Yes, your web browser is breaking the internet. That is of course, unless you are using a modern web browser. “What do you mean by modern?” you ask. The answer to this question—and many others—are found in the sections to follow.
From blogging and social media, to online sales, the web is a key component to any author’s marketing efforts. Based on this fact, the manner in which we view the web makes a huge difference in how effectively and efficiently we carry out those tasks. In this article, we’ll explore a brief history of the web browser, along with the specific browsers worth your attention.
FinerBrowsing encourages web users to upgrade their browsers to the latest version.
What Is a Web Browser?
Before we dive into the type of browser you use, let’s first make sure we understand the basics. Here’s a nice description according to Wikipedia:
A web browser is a software application for retrieving, presenting, and traversing information resources on the World Wide Web. An information resource is identified by a Uniform Resource Identifier (URI) and may be a web page, image, video, or other piece of content. Hyperlinks present in resources enable users easily to navigate their browsers to related resources. A web browser can also be defined as an application software or program designed to enable users to access, retrieve and view documents and other resources on the Internet.
What Web Browser are You Using?
Browser stats vary greatly from month to month. Sometimes weekly, browsers release updates and fixes to keep themselves running smoothly with ever-changing web technologies.
If you’re using an old browser, it may be time to upgrade.
Why Does It Matter What Browser We Use?
This question is more than reasonable, and the answer, equally so. It matters because as we want the pages we visit to consistently work properly—it’s as simple as that.
When a developer builds a website, it’s his job to ensure it works well with all web browsers up to a point. But because supporting old web browsers has become such a burgeoning task, many have begun discontinuing support (large websites like Google included).
Louis Lazaris on Smashing Magazine has more:
Old browsers (especially Internet Explorer versions 6, 7, and 8) are less stable, and much more vulnerable to viruses, spyware, malware, and other security issues. Those are obviously big problems to be concerned about—especially for people who shop online. So security alone is a very good reason to upgrade. But there’s more to it than that.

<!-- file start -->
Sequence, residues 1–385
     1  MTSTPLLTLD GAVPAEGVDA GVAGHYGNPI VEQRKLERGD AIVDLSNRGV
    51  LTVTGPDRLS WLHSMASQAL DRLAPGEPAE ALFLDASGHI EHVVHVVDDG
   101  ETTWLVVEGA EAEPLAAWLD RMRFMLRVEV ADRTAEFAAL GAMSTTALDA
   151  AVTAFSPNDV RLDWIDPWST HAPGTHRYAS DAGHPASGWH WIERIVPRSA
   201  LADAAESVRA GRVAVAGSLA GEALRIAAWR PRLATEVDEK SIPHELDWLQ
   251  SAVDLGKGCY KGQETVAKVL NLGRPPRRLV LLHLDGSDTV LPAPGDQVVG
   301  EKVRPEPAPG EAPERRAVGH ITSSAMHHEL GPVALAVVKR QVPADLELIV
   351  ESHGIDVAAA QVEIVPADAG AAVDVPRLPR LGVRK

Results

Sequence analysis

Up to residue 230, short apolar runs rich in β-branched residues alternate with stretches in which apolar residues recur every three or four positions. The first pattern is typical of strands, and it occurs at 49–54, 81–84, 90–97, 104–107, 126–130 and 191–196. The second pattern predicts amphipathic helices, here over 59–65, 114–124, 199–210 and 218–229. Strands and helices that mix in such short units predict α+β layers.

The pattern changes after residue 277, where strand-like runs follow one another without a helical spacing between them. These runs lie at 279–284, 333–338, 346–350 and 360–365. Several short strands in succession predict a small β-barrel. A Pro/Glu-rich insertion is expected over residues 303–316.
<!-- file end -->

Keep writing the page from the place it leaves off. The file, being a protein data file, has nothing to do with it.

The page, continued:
The good news is, there are three top browsers which continue to uphold the latest web standards and because of this, more consistently show web pages as intended by developers.
From Apple: What is Safari? It loads web pages faster than ever. It’s the best way to read on the web. It works with iCloud across your Mac, iPad, iPhone, and iPod touch. It even checks your spelling and grammar. It’s a web browser that’s so innovative, you’ll do much more than just browse.
From Google: Chrome is designed to be fast in every possible way. It’s quick to start up from your desktop, loads web pages in a snap, and runs complex web applications lightning fast. In addition, Chrome’s browser window is streamlined, clean and simple. For example, you can search and navigate from the same box and arrange tabs however you wish — quickly and easily.
From Mozilla: When it comes to browsing, one size definitely doesn’t fit all. That’s why we’ve made sure you can customize Firefox to your exact needs in pretty much any possible way. Enhance functionality with extensions, add style with Themes, or even change the toolbar icons to be just the way you like.
What About Internet Explorer?
Internet Explorer has had a difficult time maintaining a healthy compliance with web standards, so the recommendation from many web developers is to avoid it. If you must use Internet Explorer (IE) for any reason, just be sure you are using the absolute latest version according to Microsoft.
Michael Horowitz from Computerworld has more:
Microsoft fixes bugs in Internet Explorer on a fixed schedule. But, bugs are not discovered on a schedule which means IE users remain vulnerable to know bugs until the next scheduled bug fix roll-out. Neither Firefox nor Chrome, my preferred browsers, are locked into a schedule.
Help Spread the Word!
Upgrading a web lingering with old, out-dated browsers is keeping developers from creating useful, innovative websites for all to enjoy. The sooner we have our browsers upgraded, the quicker web sites and applications can change for the better. Help spread the word!